Review: Jack Foley
THE story behind Grandaddy's seven track mini-EP, Excerpts
From The Diary of Todd Zilla, is filled with interesting
Halfway through writing the band's next full album, Jason Lytle
tired of the plastic glamour of Studio A, his glitzy 24-track
machine in the living room and part of his kitchen, and hankered
back to simpler times, thereby returning to his Studio B bedroom
to record this EP.
The result is a return to the more synth-driven style of early
work such as Sophtware Slump and Under The Western
Freeway rather than the more expansive style of Sumday
(witness At My Post, a slice of retro-80s synth-rock
that does sound a little dated in places).
The EP was also inspired by Jason's increasing dissatisfaction
with life in Modesto, California, a town that he used to love.
He desperately wants to move and find a place to live and record
in peace but has yet to do so despite shaving off his trademark
This frustration is fully realised in the anger of tracks like
Fuck The Valley Fudge - a riot of noise that includes
screaming and wailing the like of which we have not heard from
Grandaddy in a long while.
The EP's name is also an interesting one, given that Todd Zilla
is something Lytle noticed a few years back on the vanity licence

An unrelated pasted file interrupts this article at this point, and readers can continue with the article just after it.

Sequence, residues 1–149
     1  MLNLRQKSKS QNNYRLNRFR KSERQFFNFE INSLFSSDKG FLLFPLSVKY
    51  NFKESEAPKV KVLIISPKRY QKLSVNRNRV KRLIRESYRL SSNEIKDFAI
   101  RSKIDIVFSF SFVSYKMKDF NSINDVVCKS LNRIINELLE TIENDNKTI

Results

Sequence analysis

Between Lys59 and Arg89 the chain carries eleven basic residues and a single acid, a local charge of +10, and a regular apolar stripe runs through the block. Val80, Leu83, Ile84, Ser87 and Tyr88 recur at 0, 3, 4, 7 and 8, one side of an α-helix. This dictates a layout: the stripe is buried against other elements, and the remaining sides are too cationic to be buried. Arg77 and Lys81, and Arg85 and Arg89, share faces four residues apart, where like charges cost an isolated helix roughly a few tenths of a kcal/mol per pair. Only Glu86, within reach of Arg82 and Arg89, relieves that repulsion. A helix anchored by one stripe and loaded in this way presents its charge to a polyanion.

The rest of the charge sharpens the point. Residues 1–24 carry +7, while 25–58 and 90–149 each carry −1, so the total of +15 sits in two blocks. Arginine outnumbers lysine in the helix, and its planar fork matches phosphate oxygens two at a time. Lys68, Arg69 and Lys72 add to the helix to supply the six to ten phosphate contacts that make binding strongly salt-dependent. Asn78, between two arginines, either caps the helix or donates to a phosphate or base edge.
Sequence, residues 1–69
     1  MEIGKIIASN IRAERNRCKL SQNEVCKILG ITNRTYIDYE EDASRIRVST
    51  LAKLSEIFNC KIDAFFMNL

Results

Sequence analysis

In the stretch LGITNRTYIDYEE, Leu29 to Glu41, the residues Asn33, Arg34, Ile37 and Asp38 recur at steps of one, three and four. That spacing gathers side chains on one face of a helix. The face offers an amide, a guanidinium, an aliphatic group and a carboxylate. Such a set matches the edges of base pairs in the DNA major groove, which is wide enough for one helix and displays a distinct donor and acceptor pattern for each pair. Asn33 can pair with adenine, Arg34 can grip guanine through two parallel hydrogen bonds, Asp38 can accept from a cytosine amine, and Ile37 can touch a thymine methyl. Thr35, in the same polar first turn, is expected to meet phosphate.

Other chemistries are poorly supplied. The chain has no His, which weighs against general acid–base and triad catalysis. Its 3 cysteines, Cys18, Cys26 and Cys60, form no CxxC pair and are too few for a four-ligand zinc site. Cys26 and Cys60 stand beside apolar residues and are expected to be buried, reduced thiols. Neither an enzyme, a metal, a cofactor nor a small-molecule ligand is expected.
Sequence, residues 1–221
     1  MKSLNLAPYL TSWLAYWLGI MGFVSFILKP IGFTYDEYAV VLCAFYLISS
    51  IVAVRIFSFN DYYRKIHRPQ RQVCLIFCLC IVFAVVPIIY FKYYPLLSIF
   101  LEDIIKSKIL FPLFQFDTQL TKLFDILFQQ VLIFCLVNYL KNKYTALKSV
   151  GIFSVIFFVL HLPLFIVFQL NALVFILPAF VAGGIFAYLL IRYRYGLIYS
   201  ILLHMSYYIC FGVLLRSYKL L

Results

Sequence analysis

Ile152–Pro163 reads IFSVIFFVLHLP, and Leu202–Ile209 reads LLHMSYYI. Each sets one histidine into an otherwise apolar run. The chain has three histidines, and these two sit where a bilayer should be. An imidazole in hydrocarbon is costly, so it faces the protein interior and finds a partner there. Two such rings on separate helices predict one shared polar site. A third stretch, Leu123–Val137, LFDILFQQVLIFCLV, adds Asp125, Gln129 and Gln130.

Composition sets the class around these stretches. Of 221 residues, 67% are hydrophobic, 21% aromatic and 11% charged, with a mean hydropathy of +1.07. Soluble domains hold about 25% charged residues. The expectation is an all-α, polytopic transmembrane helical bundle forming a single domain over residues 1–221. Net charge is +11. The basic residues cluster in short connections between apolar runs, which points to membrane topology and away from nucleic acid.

plate of a grossly over-sized, giant tyre style pick-up truck
that he saw while vacationing in Lake Tahoe.
He immediately entered it onto his notebook under 'things to
Those things have been realised in mixed fashion. Occasionally,
the frustration mars the record, yet for those breathlessly anticipating
the arrival of a new Grandaddy record, this EP will certainly
fill the void.
Opening track, Pull The Curtains, is a genuinely classic
cut, beginning with a soft vocal before letting go with a swish
drum roll and a hot alt-rock guitar overload that recalls the
sublime space-rock style of their past album, Sumday.
It effortlessly embraces the sunshine sound of California without
dwelling too much on Jason's dissastisfaction.
Likewise, the spaced out psychedelia of Cinderland,
which includes a nice piano breakdown and a really strained falsetto
from Jason, delivered in typically laidback style.
The pensive Goodbye? draws things to a suitably whimsical
close, complete with a nice lazy whistle midway through, that
aptly sums up the overall sobriety of proceedings.
For while Excerpts From... certainly contains several
great moments, it also tends to get a little too bogged down in
its own sense of despair.
As an appetiser for the new album, scheduled for 2006, it capably
tickles the taste-buds.